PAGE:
How to Make Oregon Camping Reservations

An overview of Crater Lake which is a great place to camp in Oregon once you get reservations.

Looking to enjoy views of the coast, a dense forest, or a mountain lake? If so, you might want to consider snagging a campsite in Oregon. Today we will help you learn all you need to know about making Oregon camping reservations. Let’s dive in!

Mt Hood in Oregon glows in the sunset colors with the Columbia River and forest land below.

Where Is the Best Camping in Oregon? 

The vast difference in terrains makes camping in Oregon incredibly special. This unique state offers multiple camping settings to accommodate an array of campers. You’ll find campsites in forests, national parks, state parks, and even oceanside.

If you prefer camping in the forest, you’re in luck! Oregon has 11 different national forests that allow camping. Some of these national forests even have cabins for rent.

Oregon is also home to Crater Lake National Park. This national park has two established campgrounds with a combined 230 sites. You can camp at many of the sites with a tent or an RV. However, due to the weather conditions, the campgrounds only open during the summer months.

With such an incredible national park, you may forget that Oregon has 256 state parks, 53 of which offer camping. Whether you want to rent a cabin or yurt or use a tent or RV, you can find an Oregon State Park to meet your needs.

Camping along the Oregon coast provides some incredible views. If you find a spot to camp along the 362-mile coastline, you’ll fall asleep to the sounds of crashing waves. We can’t think of a better way to drift to sleep after a day of hiking and adventuring.

Camping on the Oregon Coast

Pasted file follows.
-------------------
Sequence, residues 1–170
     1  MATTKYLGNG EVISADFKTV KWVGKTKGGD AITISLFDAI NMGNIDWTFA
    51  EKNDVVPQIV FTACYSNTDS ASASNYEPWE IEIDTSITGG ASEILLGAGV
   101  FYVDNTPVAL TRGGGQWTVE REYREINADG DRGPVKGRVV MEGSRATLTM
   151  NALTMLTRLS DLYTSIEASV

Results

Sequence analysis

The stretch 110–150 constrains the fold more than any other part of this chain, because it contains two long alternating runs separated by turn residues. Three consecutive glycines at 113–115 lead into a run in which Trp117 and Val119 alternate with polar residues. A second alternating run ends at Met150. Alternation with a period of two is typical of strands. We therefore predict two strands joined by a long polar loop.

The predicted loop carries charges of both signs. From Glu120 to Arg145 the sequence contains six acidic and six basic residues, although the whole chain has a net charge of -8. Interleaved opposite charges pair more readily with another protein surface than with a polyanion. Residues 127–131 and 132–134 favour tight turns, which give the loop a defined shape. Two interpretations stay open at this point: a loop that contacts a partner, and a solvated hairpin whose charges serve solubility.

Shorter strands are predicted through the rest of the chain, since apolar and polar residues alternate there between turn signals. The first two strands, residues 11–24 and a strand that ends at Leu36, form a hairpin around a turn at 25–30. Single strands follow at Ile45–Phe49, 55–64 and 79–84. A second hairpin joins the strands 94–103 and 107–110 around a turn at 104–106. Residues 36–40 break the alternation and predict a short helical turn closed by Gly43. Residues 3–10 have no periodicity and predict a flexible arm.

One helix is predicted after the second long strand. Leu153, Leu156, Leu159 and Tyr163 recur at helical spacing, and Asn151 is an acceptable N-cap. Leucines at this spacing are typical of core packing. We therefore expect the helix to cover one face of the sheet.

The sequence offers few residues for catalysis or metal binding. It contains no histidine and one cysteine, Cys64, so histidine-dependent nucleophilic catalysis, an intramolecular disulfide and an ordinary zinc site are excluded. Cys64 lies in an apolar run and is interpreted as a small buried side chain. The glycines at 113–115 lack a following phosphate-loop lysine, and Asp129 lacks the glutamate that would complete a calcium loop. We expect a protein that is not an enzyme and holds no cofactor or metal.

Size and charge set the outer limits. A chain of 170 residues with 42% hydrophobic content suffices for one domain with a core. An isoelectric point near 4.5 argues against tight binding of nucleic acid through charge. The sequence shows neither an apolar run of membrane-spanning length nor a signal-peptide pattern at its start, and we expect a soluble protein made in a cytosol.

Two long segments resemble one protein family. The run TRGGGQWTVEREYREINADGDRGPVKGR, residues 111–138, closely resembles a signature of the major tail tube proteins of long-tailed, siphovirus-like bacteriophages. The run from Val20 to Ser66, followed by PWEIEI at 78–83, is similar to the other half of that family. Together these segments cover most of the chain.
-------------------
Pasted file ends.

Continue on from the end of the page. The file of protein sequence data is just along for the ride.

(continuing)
The 53 state parks that allow camping differ from private campgrounds. Many of the parks in Oregon close during the winter months or resort to first-come, first-serve booking. Oregon state parks have also experienced a massive increase in guests in recent years.

To capitalize on the explosive growth, Oregon raised the price of camping to non-residents by up to 30%. Tent sites formerly $19 are now $23, and RV sites once $33 are now $42.

While many enjoy camping in Oregon’s state parks, you have many other options. You can find an incredible amount of private campgrounds listed on RV Trip Wizard. These sites will often face fewer seasonal closures and vary in price. In addition, these independently owned campgrounds will have separate reservation systems and policies from those within the state parks.

Using Reserve America Oregon for Oregon State Park Camping Reservations

Many states use Reserve America for campsite reservations. You can use this website to find and secure an Oregon State Park camping reservation. Even if you don’t know where you’d like to stay, the website can assist you with finding a campsite within the state parks.

This intuitive system makes reserving a campsite a breeze. By inputting the dates, length of stay, and what type of site you’re looking for, you’ll quickly see all the state parks with availability matching your criteria. If you can’t find an opening, it will provide alternatives for you to consider.

A great camping spot beneath a mountain in Central Oregon and near a river for fishing.

Making Oregon Camping Reservations for Private Campgrounds